Can political uprisings in Cairo and Tunis bring about democracy? It'll be tough as the fronts between secular and Islamist groups are more entrenched than ever and there is little Europe can do, says DW's Ute Schaeffer.
Barriers and barbed wire are all that are preventing a fall into complete chaos: on the one side are the demonstrators pushing for a secular political system. On the other are representatives of political Islam. Until recently, the confrontation in Cairo was between the secular Tamarod campaigners and the Muslim Brotherhood. Meanwhile, groups of angry citizens have gathered in Tunis and called for the resignation of the Islamist-led government.
Ute Schaeffer, DW edtior-in-chief for regionalized content
What is occurring in Egypt as well as Tunisia is what many have long feared: the "cold civil war" is escalating. In Egypt, the military has quashed it - using questionable methods. Whether it can be stopped in Tunisia remains to be seen.
Economically, politically and socially, this is bad news. The current violence and confrontations will cost Tunisia and Egypt years of progress. They will keep away investors and prevent a return to any real form of normality.
But the particularly bad news is for democracy. The events of December 2010 in Tunisia that sparked so much hope are at risk of petering out. What was a loud call for democracy has remained an empty promise for most Egyptians and Tunisians. Changes in both countries have neither brought justice nor improved living conditions. Instead, conservative Islamist governments with little political experience have taken over in Egypt and Tunisia.
Danger for the entire region
What has emerged is what the dictators had stifled or covered up: the gap between rich and poor, differences between urban and rural populations, and especially the irreconcilable conflict between Islamists and secularists. The immense pressure to change and the open political system led to the societies falling apart. Three years after the shared political uprising, there is little that continues to hold them together. That poses serious risks to the entire region and for its neighbors in Europe. Tunisia is at Europe's doorstep and Egypt is a key state in the Middle East. The path both countries take will decide the political future of a strategically important region.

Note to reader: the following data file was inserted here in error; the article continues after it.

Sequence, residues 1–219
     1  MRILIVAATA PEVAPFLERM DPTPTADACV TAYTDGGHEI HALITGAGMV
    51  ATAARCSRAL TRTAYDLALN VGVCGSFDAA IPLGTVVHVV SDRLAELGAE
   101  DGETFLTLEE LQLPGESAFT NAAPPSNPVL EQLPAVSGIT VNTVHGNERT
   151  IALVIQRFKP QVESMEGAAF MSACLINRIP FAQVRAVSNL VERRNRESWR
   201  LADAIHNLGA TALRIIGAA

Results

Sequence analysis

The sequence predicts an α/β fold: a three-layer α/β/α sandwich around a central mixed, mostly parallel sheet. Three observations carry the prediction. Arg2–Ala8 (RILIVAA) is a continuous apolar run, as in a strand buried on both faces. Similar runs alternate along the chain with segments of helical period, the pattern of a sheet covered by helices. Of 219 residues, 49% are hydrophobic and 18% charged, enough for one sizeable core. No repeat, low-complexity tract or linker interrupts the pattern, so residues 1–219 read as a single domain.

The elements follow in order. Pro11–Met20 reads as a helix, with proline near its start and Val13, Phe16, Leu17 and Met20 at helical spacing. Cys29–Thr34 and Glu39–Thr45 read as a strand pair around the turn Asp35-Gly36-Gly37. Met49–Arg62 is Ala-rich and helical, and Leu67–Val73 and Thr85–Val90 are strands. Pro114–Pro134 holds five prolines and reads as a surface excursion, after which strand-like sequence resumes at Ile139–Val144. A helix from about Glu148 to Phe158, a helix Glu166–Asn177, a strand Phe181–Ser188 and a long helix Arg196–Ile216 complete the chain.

And yet, the rest of the world is taking a cautious approach as failure threatens to engulf the democratic uprisings. Disinterested? Possibly. But mainly the response has been helplessness.
As a reminder: at the end of July, 80 members of the Muslim Brotherhood were killed by the Egyptian military and there was no clear response from the Wes. The West also ignored the rapid spread of religious extremism in the countries. The former militias created to protect the revolution turned into young, violence-prone guardians of religion. They imposed an Islamic dress code and style of life and intimidated the population. The support for violent Salafists is visibly growing in both countries. Islamists in Tunisia are suspected of being behind the murders of two secular politicians.
There are no good dictators
The current chaos in the two countries has led some to call for a "hard" hand to take the reins. Some in Cairo and Tunisia say that the old dictators were better than the anarchy they see today. That could be the reason why when the generals took control of Egypt in the name of stability by repressing protests, imprisoning the president and putting themselves back in power, only a few people called the event what it really was: a coup.
But there are no good dictators! It is a mistake to believe that autocrats or despots can provide more security or stability. At best, they create the temporary appearance of security. That is exactly what the Arab uprisings have shown. Today's chaos has been inherited from dictatorships. Dictators prevent the participation and growth of a civil society capable of taking action. Dictators smother dissent, opposition and objection. In doing so, they prevent the difficult exchange of ideas and interests that are left to suffocate under the autocratic regime. Until the pressure grows and explodes.
The West also lost
We've seen that kicking a dictator out of office is one thing - and building up a democratic society is another. As bitter a pill it is to swallow, it does not look like the uprisings will be successful in the foreseeable future. Democracy is the constant search for a compromise, for a common denominator. It requires reliable institutions, clear rules, tolerance and constant debate.
The West has also lost out: the United States, France and Europe all supported the old dictators for decades. Neighboring Arab countries are regarded as allies despite their massive involvement in the chaos, which they use to promote their own interests.
For a long time to come, Europe will have to come to terms with the region's smoldering political situation. The chaotic reorganization should be supported - but only to an extent. But the West should never make the mistake of believing in and supporting "good dictators" ever again.
Ute Schaeffer is editor-in-chief of Deutsche Welle. The focus of her journalistic work is German and European foreign and development policies, as well as political, economic and social development in Africa and Eastern Europe.